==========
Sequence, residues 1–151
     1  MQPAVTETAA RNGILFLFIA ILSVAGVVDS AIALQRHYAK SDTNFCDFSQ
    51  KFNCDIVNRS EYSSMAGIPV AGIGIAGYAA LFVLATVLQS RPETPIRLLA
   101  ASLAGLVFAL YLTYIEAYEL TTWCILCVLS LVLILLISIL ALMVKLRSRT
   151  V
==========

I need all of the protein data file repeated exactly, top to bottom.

Sequence, residues 1–151
     1  MQPAVTETAA RNGILFLFIA ILSVAGVVDS AIALQRHYAK SDTNFCDFSQ
    51  KFNCDIVNRS EYSSMAGIPV AGIGIAGYAA LFVLATVLQS RPETPIRLLA
   101  ASLAGLVFAL YLTYIEAYEL TTWCILCVLS LVLILLISIL ALMVKLRSRT
   151  V